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Effect of Concurrent Power Training and High-Intensity Interval Cycling on Muscle Morphology and Performance

Spiliopoulou, Polyxeni1; Zaras, Nikolaos1,2; Methenitis, Spyridon1; Papadimas, Georgios3; Papadopoulos, Constantinos3; Bogdanis, Gregory C.1; Terzis, Gerasimos1

Journal of Strength and Conditioning Research: April 23, 2019 - Volume Publish Ahead of Print - Issue - p
doi: 10.1519/JSC.0000000000003172
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Spiliopoulou, P, Zaras, N, Methenitis, S, Papadimas, G, Papadopoulos, C, Bogdanis, GC, and Terzis, G. Effect of concurrent power training and high-intensity interval cycling on muscle morphology and performance. J Strength Cond Res XX(X): 000–000, 2019—The aim of the study was to examine the effect of performing high-intensity interval cycling on muscle morphology and performance immediately after power training (PT). Twenty healthy female physical education students were assigned into 2 training groups. One group performed PT, and the other group performed the same PT followed by high-intensity interval aerobic training on a cycle ergometer (PTC). Training was performed 3 days per week for 6 weeks. Countermovement jump (CMJ) height and CMJ power, half-squat maximal strength (1 repetition maximum), maximum aerobic power, vastus lateralis muscle fiber composition, and cross-sectional area (CSA) were evaluated before and after the intervention. Countermovement jump height increased after PT (10.1 ± 6.6%, p = 0.002) but not after PTC (−5.1 ± 10.5%, p = 0.099), with significant difference between groups (p = 0.001). Countermovement jump power increased after PT (4.5 ± 4.9%, p = 0.021) but not after PTC (−2.4 ± 6.4, p = 0.278), with significant difference between groups (p = 0.017). One repetition maximum increased similarly in both groups. Muscle fiber composition was not altered after either PT or PTC. Vastus lateralis muscle fiber CSA increased significantly and similarly after both PT (I: 16.9 ± 16.2%, p = 0.035, ΙΙΑ: 12.7 ± 10.9%, p = 0.008,ΙΙΧ: 15.5 ± 17.1%, p = 0.021) and PTC (Ι: 18.0 ± 23.7%, p = 0.033,ΙΙΑ: 18.2 ± 11.4%, p = 0.001,ΙΙΧ: 25.5 ± 19.6%, p = 0.003). These results suggest that the addition of high-intensity interval cycling to PT inhibits the anticipated increase in jumping performance induced by PT per se. This inhibition is not explained by changes in muscle fiber type composition or vastus lateralis muscle fiber CSA adaptations.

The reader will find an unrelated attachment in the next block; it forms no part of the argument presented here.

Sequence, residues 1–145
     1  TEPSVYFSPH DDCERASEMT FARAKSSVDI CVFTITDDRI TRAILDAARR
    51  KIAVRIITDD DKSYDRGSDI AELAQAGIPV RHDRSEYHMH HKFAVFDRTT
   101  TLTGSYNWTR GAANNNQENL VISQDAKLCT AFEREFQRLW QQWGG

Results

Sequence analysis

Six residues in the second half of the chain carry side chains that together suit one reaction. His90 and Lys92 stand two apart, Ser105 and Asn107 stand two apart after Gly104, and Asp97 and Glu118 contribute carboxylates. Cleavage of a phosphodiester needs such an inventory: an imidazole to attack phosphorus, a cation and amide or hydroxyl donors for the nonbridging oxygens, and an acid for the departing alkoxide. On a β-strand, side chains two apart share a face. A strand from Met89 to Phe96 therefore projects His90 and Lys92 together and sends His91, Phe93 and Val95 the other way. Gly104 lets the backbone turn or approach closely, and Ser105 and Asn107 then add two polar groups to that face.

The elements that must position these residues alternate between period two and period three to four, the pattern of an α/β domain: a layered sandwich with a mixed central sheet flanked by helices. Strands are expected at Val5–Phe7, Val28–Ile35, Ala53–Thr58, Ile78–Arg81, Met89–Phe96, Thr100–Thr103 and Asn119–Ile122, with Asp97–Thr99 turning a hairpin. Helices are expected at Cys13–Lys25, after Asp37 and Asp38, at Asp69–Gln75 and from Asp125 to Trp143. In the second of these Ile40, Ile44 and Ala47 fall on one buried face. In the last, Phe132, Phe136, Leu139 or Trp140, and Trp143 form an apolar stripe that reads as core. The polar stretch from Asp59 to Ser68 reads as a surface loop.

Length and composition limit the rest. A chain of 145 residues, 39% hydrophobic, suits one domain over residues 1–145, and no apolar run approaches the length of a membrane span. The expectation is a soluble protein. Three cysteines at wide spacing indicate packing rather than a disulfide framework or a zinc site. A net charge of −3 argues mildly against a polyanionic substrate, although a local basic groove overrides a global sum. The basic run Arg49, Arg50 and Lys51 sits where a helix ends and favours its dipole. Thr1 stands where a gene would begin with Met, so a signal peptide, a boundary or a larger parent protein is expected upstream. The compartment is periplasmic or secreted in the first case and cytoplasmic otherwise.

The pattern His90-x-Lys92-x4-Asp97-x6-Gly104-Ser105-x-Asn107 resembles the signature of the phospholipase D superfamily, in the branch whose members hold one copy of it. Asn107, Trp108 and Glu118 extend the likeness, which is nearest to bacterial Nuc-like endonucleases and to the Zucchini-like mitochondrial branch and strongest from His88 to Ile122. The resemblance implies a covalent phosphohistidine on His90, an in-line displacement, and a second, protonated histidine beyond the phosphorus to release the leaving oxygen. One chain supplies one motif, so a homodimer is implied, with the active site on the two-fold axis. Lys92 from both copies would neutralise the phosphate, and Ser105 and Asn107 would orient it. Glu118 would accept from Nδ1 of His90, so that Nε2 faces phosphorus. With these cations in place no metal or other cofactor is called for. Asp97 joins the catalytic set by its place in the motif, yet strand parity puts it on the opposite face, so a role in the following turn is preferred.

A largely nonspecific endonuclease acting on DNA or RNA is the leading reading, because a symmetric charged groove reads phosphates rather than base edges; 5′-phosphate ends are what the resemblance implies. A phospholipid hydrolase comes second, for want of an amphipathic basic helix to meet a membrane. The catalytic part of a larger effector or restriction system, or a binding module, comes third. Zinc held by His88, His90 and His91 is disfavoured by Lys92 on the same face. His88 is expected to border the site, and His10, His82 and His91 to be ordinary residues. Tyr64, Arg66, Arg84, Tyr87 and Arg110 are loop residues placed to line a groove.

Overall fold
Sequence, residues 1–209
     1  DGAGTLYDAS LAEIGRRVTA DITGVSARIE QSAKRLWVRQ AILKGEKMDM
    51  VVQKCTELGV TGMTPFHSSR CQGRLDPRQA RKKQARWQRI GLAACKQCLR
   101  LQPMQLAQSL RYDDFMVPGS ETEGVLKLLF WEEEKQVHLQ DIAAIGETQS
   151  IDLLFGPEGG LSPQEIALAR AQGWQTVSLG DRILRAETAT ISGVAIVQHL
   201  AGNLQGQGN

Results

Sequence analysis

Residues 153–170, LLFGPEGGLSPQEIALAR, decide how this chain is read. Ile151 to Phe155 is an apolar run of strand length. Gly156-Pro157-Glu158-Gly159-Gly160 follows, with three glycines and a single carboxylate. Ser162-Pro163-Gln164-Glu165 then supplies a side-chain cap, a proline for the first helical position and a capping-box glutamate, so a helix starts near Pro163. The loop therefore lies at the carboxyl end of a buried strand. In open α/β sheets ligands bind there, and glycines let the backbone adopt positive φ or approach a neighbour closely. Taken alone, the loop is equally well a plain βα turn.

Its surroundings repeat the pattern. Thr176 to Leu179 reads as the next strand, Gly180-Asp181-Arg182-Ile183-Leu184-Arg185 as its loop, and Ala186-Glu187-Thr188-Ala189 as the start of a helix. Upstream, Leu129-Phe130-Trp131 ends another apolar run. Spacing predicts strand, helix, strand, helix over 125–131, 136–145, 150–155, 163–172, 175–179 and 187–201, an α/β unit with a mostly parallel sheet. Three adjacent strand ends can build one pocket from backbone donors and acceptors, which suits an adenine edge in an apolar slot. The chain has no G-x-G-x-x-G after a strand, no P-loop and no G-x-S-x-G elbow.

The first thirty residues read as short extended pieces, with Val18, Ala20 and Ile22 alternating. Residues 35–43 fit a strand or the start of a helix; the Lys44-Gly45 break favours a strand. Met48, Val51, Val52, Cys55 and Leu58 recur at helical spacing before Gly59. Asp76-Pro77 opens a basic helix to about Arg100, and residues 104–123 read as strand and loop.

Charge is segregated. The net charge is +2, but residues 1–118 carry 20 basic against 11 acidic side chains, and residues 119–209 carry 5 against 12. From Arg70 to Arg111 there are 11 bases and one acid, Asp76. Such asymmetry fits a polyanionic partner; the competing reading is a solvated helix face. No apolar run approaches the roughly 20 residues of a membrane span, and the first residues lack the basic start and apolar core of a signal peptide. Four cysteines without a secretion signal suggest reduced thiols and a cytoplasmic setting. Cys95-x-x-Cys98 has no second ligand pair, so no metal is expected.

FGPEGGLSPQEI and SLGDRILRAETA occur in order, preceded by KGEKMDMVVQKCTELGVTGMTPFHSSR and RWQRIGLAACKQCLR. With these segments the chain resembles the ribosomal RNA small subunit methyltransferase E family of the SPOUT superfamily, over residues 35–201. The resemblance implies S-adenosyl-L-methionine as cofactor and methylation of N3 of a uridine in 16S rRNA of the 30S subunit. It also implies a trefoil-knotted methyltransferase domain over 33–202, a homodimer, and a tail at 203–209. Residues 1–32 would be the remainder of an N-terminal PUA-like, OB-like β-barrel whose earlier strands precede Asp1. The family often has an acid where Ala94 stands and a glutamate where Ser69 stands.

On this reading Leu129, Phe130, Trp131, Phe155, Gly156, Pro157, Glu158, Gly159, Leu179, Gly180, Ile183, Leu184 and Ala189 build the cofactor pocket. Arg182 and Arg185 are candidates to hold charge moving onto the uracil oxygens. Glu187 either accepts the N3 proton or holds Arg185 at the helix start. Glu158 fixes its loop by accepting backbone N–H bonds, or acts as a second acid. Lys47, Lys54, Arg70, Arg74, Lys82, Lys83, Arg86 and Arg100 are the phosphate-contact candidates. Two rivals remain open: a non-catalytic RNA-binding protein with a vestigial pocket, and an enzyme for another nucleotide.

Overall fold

1Sports Performance Laboratory, School of Physical Education and Sport Science, National and Kapodistrian University of Athens, Athens, Greece;

2Department of Life and Health Sciences, Human Performance Laboratory, University of Nicosia, Nicosia, Cyprus; and

31st Department of Neurology, Aiginition Hospital, Division of Public Health, Psychiatry and Neurology, Medical School, National and Kapodistrian University of Athens, Athens, Greece

Address correspondence to Polyxeni Spiliopoulou, spipolyxeni@phed.uoa.gr.

Copyright © 2019 by the National Strength & Conditioning Association.